I’ve written a few pieces on Medium, early-on, and got no special flow from them. All the flow I got seemed to come from links I posted to Twitter. If that’s how it’s going to work, I’ll just keep writing on my own blog, and promoting the pieces as well as I can.

    To me it looks like Medium is another Huffington Post, sure their editor is nice, but now that everyone knows that authors like Jeff Jarvis loves it, how long will it take for them to do what Medium does? Not too long, I imagine.

    We, those of us who don’t own these platforms, really would do better if we stick together and help each other build flow. How many times do we have to learn this?

    1. I know what you mean, Dave — it is a real tradeoff between having the control over your own content and taking advantage of the brand or marketing power of a platform. But I think there will always be writers who are willing to make the trade, because they want to reach as broad an audience as possible. Plus, I think Medium allows you to cross-post to your own blog as well, doesn’t it?

      1. Agreed with Dave on the flow. I think unless they feature your post this isn’t much, but I do enjoy the editor and also using it for another channel that I call lo-fi. It’s a pleasure to write there, but doesn’t serve my brand.

        1. I think they give flow to people who they want other favors from. Especially reporters at Reuters, for example. ;-)

    2. God, that is SO true.

      We keep giving it away. And we rationalize that, ‘well, they’re doing it better than the last company I worked for.’

      Yanno what the problem is: the people who start companies are not the same kinds of people who USE the company.


  2. Lionel Menchaca Tuesday, May 28, 2013

    Interesting post Mathew. Brands are thinking about this as well. I bet we’ll see more places to publish in the near term. Will be interesting to see how it shakes out from there.

    1. I agree, Lionel — we live in interesting times :-)

  3. Rohit Mishra Tuesday, May 28, 2013

    I want to write on Medium and I love the editor and design of the product. But what is stopping me is looking at what happened to Posterous and Blogger. Posterous is dead and Blogger is stagnant. What if Medium doesn’t work out. At least with a custom domain, you can prevent the URLs from breaking which Medium doesn’t support now. Evan Williams is a genius who has reinvented communication multiple times, and Medium likely will be very successful. But I want a way to easily move out if I want to.

    1. That’s a good point, Rohit.

  4. Jonathan Glick Tuesday, May 28, 2013

    A proprietary publishing platform that doesn’t drive you incremental *relevant* attention is pointless.

  5. Someday I wonder if users generally will learn to create their own paywall for content. Imagine if facebook paid you for the right to share your content. You could always share it with friends, but otherwise, if your silly cat video wants to be a hit on YouTube, someone has to pay you for it. Taking this concept further, what if you were able to log and record all your spending, phone calls, text messages, emails, etc. yourself. I’d imagine if you had a few million people offering their data for a monthly fee we could eliminate a ton of advertising and have richer content without the fear of a “big brother” always watching. It would be our free choice to determine the extent which we allow others to invade our privacy and use our content.

    1. Really interesting points. There’s a Brooklyn-based developer named Federico Zannier who sold his data to people on Kickstarter for $2 per day and another guy named Mike Merrill who has a stock exchange on just about every decision in his life. Today these are the exceptions but I could see someone standardizing some kind of model around this kind of personal profitability.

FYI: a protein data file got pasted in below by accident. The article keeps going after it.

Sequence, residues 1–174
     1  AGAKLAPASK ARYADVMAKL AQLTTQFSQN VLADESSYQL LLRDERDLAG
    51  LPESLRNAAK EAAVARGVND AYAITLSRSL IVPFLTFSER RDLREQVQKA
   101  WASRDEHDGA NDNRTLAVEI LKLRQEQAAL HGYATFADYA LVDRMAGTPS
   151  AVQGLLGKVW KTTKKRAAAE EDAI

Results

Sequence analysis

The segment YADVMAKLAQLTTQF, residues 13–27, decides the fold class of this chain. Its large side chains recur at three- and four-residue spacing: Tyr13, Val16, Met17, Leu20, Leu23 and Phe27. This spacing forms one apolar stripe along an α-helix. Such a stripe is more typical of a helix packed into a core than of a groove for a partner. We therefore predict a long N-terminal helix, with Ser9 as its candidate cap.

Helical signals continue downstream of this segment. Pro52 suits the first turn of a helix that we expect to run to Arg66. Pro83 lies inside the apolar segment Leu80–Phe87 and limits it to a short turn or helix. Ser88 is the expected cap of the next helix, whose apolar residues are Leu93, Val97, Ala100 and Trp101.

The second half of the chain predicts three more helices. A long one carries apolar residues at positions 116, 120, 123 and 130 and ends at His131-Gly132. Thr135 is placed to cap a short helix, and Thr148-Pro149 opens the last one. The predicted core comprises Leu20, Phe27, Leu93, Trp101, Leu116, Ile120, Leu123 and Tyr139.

2. app.net is already doing that, with limited success.

  6. Alex Kristofcak Tuesday, May 28, 2013

    I love Medium – the editor is so clean, the design is so appealing and discovery on there seems to work, to a point. I think the platform has some limitations that I have written about (on Medium, naturally):

    1. To create clear differentiation from other platforms, I think Medium should offer a way for readers to tip writers natively. See: https://medium.com/medium-ideas/54156f7f731

    2. Discovery on Medium is limited and could be improved significantly. See: https://medium.com/medium-ideas/fc38a689bad3


    1. Those are good points, Alex.

  7. Not to zig while you are zagging Mathew but what about periodical.co or jurnid.com? Medium and svbtle seem like gatekeeper models to me. Blogger 3.0.
    To echo Dave, why play along?

  8. Terry Heaton Tuesday, May 28, 2013

    I fear this is much more a reader’s dilemma than a writer’s dilemma. That then becomes problematic for the writer.

  9. freerangeresearch Wednesday, May 29, 2013

    A few points

    1.) I’m surprised to hear the word “magazine.” I think the term has too much old baggage. Content curation is much more relevant.

    2.) Social media savvy is said to be a new form of literacy skills. Writers need to gain the social media savvy to promote their own work. A big part of that is skill is adaptability

    3.) For now, Twitter is probably the best tool for content curation, because you follow users for their common interests. Creating a good feed is a good tool of content curation, but there is much more potential in this area.

    4.) Any successful tool for readers has to be “in their face,” not an out of the way site that they need to remember to visit, but not so “in their face” that they are constantly bombarded with reminders.

    5.) For now, there is too much widely available free content for any good paywalls to arise. A good paywall model will need to develop in order for writers to be paid for their online postings.

  10. Alison Langley Thursday, May 30, 2013

    Yes, but do they pay?